This page records GPT-3 samples I generated in my explorations, and thoughts on how to use GPT-3 and its remaining weaknesses⁠. I hope you enjoy them even a tenth as much as I enjoyed testing GPT-3 and watching the completions scroll across my screen.

“GPT-2 Preference Learning for Music Generation”, Branwen 2019

GPT-2-preference-learning: “GPT-2 Preference Learning for Music Generation”⁠, Gwern Branwen (2019-12-16; ⁠, ⁠, ⁠, ⁠, ⁠, ⁠, ⁠, ⁠, ; backlinks; similar):

Experiments with OpenAI’s ‘preference learning’ approach, which trains a NN to predict global quality of datapoints, and then uses reinforcement learning to optimize that directly, rather than proxies. I am unable to improve quality, perhaps due to too-few ratings.

Standard language generation neural network models, like GPT-2⁠, are trained via likelihood training to imitate human text corpuses. Generated text suffers from persistent flaws like repetition, due to myopic generation word-by-word, and cannot improve on the training data because they are trained to predict ‘realistic’ completions of the training data.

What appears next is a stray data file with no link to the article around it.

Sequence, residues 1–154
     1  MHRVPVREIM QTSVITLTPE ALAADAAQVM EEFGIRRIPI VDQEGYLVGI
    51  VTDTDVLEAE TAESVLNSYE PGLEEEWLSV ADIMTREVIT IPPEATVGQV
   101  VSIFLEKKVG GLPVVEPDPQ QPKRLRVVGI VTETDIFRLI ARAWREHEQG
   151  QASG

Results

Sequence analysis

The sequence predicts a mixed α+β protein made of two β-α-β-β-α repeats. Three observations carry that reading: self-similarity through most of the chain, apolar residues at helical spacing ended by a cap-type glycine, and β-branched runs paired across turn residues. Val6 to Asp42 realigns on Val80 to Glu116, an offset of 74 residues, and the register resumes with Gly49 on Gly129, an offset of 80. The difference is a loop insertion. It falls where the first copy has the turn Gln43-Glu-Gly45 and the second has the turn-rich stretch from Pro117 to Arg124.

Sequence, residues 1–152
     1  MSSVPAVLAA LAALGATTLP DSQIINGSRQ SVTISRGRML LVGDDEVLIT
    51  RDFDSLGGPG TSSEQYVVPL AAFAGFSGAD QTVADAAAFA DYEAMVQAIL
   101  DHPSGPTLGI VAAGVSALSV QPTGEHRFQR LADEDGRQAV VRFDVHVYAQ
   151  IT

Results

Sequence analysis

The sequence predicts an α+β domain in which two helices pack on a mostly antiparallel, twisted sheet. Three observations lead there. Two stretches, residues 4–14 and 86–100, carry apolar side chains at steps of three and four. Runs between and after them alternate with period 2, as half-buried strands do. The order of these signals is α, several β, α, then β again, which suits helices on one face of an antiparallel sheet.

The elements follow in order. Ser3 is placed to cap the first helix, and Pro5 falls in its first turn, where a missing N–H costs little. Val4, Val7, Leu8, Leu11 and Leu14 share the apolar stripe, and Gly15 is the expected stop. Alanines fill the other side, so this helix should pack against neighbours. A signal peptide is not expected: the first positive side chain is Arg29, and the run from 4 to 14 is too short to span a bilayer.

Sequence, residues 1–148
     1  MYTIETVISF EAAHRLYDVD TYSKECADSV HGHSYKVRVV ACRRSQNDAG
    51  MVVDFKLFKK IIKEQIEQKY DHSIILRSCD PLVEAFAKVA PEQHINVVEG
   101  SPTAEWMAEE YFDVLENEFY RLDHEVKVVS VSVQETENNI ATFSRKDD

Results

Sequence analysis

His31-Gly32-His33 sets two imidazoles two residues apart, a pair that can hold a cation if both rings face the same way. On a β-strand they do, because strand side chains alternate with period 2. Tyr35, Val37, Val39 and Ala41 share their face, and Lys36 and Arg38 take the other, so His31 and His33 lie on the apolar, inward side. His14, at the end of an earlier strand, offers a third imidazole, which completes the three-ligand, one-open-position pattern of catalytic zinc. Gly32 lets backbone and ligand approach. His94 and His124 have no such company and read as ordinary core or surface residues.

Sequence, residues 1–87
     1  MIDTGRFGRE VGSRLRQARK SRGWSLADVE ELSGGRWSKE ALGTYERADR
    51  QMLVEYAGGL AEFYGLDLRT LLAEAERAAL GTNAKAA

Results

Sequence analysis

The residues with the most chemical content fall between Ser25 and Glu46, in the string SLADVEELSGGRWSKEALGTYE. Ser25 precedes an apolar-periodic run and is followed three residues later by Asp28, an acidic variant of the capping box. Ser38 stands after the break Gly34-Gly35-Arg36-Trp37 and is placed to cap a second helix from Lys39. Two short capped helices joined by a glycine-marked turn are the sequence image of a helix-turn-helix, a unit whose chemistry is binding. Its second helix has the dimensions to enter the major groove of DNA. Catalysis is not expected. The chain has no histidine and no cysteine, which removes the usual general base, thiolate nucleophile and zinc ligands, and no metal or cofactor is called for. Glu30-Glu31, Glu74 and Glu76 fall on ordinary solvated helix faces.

A proposed alternative is to use reinforcement learning to train the NNs, to encourage global properties like coherence & lack of repetition, and potentially improve over the original corpus’s average quality. Preference learning trains a reward function on human ratings, and uses that as the ‘environment’ for a blackbox DRL algorithm like PPO⁠.

OpenAI released a codebase implementing this dual-model preference learning approach for textual generation, based on GPT-2. Having previously used GPT-2 for poetry & music generation⁠, I experimented with GPT-2 preference learning for unconditional music and poetry generation.

I found that preference learning seemed to work better for music than poetry, and seemed to reduce the presence of repetition artifacts, but the results, at n ≈ 7,400 ratings compiled over 23 iterations of training+sampling November 2019–January 2020, are not dramatically better than alternative improvements like scaling up models or more thorough data-cleaning or more stringent sample curation. My blind ratings using n ≈ 200 comparisons showed no large advantage for the RL-tuned samples (winning only 93 of 210 comparisons, or 46%).